There are also new Skill Lines to unlock with both Abby and Ellie that allow you to focus on different styles of play, and now that there is a NG+ mode, where you’ll be able to use what you’ve unlocked from the very get go in a second playthrough. And you’ll need to if you want to get all the Skills, since you simply can’t do that in one playthrough.
My only complaint with the gameplay itself was the rather large focus on environmental “puzzle” solving during the first half of the game that wasn’t particularly fun, but otherwise the core of why the game is being described as “boring” can be attributed to the pacing issues, because the actual mechanics themselves are very good, and the execution of the moves and skills very satisfying.
Pacing is both a story and gameplay mechanic, and where on TLOU we thought it was very well done, in this game it instead feels like a fragmented story told in a clumsy way and padded with pointless gameplay sections that do not add anything to the narrative and rather detract from it by lessening the impact of important story events by trivializing the journey.
Last of Us 2 Review: Design, Visual & Audio
Visually, The Last of US II is easily one of the best looking games on PS4. It’s up there with God of War, Death Stranding, and Assassin’s Creed Odyssey, and frankly I don’t think you can get much better with the technology available. And what was really impressive about it, was that I had no bugs or glitches and almost zero frame drops in my entire playthrough, making for a very smooth experiences.
On the audio front the voice acting is top notch and is on par with other Naughty Dog titles, which are some of the best in the industry in this category. It’s hard to find even one character that did a bad job with their lines, and this aspect was so good it just felt like you were watching a movie.
The sound of the game was outstanding overall. From the quaint songs added to the game’s soundtrack to the gurgling as someone choked to death on their own blood, everything sounded fantastic. My only nitpick here is that I wish there was a bit more mood music, much like Red Dead Redemption 2 and Death Stranding. The use of music in gaming can do so much, and I felt like Naughty Dog could have used it so much more!
Last of Us 2 Replayability
Unlike The Last of Us, there is no multiplayer for players to engage in so The Last of US 2 is going to take a hit in this category. The replayability of the game comes from the newly added NG+ which allows you to play again, keeping your skill progression from your first playthrough for both Abby and Ellie. How many people will actually play the game a second time though, is anyone’s guess.
In my case, I do not feel like the story is worth a second go-around, and so many portions of it felt dragged out and tedious that it does not seem like an exciting aspect. I will probably replay the game regardless, because our community will want to revisit and chat about the events, but the average player will likely put this away after one use.
If the developer adds multiplayer, then this review (the written form at least) will be adapted to reflect that.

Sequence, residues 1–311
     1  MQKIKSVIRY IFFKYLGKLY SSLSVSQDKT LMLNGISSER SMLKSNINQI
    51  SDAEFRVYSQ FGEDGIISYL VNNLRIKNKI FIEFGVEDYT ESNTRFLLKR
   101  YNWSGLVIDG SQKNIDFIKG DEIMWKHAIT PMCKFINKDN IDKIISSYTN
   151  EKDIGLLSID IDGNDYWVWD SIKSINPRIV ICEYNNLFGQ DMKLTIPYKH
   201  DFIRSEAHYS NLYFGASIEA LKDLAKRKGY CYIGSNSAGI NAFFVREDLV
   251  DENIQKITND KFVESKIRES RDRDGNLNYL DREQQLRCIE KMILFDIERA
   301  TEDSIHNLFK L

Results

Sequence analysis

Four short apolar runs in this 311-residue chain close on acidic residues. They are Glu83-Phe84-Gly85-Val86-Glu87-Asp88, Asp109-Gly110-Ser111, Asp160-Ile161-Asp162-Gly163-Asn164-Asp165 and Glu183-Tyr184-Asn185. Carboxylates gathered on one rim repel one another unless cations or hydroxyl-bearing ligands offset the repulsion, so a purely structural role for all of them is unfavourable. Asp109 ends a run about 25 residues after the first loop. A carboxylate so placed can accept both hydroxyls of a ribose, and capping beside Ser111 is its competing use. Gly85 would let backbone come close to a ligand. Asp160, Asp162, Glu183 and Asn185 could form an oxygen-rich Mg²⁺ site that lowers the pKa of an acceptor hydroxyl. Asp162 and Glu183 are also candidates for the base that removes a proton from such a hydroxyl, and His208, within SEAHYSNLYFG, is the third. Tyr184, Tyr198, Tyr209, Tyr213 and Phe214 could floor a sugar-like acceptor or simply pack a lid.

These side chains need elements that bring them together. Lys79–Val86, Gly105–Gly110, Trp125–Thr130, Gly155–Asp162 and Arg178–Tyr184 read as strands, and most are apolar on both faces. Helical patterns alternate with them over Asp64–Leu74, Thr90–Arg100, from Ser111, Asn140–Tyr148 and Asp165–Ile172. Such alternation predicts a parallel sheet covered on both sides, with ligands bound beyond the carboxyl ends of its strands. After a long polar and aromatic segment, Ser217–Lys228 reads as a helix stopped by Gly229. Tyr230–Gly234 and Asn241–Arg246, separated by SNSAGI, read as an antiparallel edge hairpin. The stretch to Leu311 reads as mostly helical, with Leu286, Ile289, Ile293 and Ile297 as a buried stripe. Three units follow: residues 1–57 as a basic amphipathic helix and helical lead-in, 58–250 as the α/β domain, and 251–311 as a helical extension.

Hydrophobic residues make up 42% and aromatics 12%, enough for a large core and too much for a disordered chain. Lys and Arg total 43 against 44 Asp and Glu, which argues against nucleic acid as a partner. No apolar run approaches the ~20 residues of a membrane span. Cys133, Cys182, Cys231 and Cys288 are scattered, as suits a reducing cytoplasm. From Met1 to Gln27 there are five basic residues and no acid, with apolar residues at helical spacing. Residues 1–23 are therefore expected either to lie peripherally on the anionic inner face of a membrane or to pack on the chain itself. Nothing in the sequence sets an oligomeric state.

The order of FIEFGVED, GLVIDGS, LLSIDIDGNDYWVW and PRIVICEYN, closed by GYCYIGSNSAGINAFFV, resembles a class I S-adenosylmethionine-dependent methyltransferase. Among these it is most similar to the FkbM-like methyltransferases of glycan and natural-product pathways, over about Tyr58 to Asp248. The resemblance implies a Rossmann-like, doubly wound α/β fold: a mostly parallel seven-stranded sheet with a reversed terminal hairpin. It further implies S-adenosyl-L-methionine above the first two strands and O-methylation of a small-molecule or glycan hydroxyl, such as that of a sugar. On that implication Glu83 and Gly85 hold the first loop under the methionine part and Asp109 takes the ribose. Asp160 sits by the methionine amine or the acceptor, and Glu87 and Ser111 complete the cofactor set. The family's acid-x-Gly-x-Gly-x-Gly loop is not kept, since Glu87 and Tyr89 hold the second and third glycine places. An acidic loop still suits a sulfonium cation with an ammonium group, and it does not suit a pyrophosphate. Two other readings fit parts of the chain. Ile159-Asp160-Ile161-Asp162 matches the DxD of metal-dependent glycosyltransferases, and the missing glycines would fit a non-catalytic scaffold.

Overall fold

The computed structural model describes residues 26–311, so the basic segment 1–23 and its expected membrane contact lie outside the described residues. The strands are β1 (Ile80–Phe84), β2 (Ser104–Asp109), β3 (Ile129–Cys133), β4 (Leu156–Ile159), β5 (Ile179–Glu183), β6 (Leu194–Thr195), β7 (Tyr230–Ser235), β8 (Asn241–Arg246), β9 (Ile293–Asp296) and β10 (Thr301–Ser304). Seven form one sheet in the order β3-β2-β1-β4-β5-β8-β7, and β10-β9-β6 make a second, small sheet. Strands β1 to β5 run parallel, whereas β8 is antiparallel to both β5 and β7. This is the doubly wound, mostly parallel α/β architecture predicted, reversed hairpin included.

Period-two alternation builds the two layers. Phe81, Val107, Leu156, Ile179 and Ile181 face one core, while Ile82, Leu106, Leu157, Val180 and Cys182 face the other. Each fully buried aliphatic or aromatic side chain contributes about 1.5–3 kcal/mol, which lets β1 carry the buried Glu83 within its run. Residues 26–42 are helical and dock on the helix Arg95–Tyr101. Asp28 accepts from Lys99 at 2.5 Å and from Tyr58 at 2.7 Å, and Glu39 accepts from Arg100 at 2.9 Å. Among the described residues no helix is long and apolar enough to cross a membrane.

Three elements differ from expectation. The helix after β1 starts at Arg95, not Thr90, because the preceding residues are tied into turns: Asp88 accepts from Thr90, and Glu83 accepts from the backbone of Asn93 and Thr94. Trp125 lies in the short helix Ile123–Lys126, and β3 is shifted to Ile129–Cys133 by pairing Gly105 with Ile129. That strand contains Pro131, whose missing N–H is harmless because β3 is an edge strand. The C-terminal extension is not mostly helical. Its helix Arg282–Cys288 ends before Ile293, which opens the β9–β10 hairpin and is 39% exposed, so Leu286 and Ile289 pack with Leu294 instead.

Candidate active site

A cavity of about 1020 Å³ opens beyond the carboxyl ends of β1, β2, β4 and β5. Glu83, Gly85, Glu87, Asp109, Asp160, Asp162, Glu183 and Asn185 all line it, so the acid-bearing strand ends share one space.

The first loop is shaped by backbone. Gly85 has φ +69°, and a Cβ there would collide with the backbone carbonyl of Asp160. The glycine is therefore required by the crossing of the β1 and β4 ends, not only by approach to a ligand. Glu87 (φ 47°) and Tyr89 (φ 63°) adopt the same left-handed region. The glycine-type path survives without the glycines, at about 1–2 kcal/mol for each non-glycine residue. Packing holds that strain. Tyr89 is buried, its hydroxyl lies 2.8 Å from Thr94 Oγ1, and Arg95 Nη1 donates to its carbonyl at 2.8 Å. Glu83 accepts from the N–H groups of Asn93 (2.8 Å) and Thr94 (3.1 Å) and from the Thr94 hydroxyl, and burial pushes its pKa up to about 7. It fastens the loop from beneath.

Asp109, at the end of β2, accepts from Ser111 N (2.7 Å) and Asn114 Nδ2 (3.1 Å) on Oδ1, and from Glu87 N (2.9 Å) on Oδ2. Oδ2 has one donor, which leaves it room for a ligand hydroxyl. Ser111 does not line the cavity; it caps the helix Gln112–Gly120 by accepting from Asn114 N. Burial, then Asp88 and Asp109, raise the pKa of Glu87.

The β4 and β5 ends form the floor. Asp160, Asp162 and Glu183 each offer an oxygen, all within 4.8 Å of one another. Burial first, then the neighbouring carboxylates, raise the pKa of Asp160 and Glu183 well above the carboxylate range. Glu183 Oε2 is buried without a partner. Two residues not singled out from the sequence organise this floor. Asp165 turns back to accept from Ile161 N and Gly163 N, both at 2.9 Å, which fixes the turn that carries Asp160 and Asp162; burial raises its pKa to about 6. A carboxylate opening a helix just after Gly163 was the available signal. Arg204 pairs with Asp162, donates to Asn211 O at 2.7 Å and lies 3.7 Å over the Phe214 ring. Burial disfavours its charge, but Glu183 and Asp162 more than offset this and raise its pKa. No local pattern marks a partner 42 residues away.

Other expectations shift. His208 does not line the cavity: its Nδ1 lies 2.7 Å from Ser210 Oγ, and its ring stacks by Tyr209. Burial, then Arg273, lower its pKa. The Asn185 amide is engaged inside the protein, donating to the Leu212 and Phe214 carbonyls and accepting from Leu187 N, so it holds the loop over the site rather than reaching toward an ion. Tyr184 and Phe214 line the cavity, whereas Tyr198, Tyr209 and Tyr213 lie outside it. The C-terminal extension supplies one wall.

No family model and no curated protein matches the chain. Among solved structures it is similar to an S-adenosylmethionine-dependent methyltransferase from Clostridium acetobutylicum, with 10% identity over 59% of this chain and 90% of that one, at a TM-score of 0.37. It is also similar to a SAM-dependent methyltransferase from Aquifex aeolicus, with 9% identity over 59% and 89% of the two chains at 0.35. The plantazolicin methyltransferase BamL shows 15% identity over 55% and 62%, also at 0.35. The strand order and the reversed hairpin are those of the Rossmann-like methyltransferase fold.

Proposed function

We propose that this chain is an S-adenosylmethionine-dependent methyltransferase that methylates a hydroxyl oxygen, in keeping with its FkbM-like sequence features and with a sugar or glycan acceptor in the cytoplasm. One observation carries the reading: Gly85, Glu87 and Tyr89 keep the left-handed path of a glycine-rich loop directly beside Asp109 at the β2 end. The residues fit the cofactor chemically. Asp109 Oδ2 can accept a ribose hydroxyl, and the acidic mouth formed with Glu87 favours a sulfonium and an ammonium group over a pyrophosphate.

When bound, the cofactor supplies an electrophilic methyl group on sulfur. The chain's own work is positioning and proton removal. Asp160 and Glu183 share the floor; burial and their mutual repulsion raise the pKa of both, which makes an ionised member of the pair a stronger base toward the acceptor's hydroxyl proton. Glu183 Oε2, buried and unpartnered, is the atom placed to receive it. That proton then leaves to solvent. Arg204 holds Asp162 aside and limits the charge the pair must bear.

As I just mentioned The Last of US II doesn’t have any multiplayer and so relies completely on the “experience” of the game to determine its value. Unfortunately, because that experience is likely to be “interesting” at best, I’m not sure you can call this a 60 dollar title.
Clocking in just at about 25 hours of gameplay, and slightly more if you spend time seeking out every collectible, the game’s value-per-hour is not on par with other AAA titles. Obviously the graphics, voice over and production value help to add to the overall quality of the game, but I don’t think they do enough to get it quite the 60 dollar mark and you should probably wait to get the game on sale if you want to play.
Video Games are an art form, and they express the messages of their creators and elicit emotions just the same as movies, television and even books. Recently we’ve seen a trend with more and more games being about the experience, rather than the gameplay itself (I’m looking at you Death Stranding), and it has created quite the paradox. Some of the best movies and books of all time leave a lasting impression upon their viewers, but many of them would never be described as “fun”. But The Last of US II is a GAME, and therin lies the problem…
The Oxford Dictionary defines a game as “an activity that you do to have fun, often one that has rules and that you can win or lose“. And while you can argue until the cows come home about whether or not he Last of Us II is “fun“, it violates the second part of the definition, because when all is said and done you have no idea if you’ve won or lost the game!
I’ve been called a noob. I’ve been called terrible, garbage, trash, and everything under the sun for dying in a video game on stream. But never have I ever had twenty thousand people cheering every time I died, because they hated the character I was playing (Abby) so much that they’d rather see her jump off a ledge over and over than carry on with the game. And I think that says about all you need to know about The Last of Us II.